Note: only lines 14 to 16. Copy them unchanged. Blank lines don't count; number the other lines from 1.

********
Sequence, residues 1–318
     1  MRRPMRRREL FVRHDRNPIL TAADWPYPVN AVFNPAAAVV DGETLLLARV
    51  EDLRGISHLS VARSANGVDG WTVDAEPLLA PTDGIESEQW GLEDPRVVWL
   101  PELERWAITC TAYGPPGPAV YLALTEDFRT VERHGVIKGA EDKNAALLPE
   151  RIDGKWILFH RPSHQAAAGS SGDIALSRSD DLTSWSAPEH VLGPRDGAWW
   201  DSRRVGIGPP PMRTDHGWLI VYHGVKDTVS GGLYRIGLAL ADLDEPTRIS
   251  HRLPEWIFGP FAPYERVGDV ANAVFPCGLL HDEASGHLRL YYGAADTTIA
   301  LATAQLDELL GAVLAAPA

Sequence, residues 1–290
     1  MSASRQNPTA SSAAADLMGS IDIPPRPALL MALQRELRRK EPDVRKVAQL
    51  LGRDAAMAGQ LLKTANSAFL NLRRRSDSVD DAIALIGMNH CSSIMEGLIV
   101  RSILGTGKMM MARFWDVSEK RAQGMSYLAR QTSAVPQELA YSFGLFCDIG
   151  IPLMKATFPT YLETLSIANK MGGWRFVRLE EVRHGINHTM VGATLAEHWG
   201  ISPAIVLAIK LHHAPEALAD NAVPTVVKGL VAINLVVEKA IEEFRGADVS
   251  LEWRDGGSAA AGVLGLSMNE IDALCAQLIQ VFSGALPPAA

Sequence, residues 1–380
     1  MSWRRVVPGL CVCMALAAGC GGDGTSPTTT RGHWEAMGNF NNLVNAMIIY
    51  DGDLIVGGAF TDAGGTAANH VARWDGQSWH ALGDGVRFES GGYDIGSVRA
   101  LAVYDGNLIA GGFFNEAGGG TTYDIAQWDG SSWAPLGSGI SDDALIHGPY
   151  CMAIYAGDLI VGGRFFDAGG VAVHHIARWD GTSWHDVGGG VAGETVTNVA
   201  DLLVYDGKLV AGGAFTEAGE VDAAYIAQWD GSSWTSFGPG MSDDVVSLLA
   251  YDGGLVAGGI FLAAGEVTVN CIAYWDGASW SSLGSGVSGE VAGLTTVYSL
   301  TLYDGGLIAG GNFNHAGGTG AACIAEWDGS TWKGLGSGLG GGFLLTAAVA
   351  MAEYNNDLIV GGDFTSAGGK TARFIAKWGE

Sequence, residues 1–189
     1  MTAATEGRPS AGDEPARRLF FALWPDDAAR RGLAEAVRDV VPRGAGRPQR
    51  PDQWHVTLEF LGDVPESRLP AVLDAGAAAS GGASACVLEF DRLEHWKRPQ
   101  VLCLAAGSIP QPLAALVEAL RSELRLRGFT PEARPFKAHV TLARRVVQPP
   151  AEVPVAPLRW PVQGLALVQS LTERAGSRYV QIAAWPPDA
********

   201  ISPAIVLAIK LHHAPEALAD NAVPTVVKGL VAINLVVEKA IEEFRGADVS
   251  LEWRDGGSAA AGVLGLSMNE IDALCAQLIQ VFSGALPPAA

Sequence, residues 1–380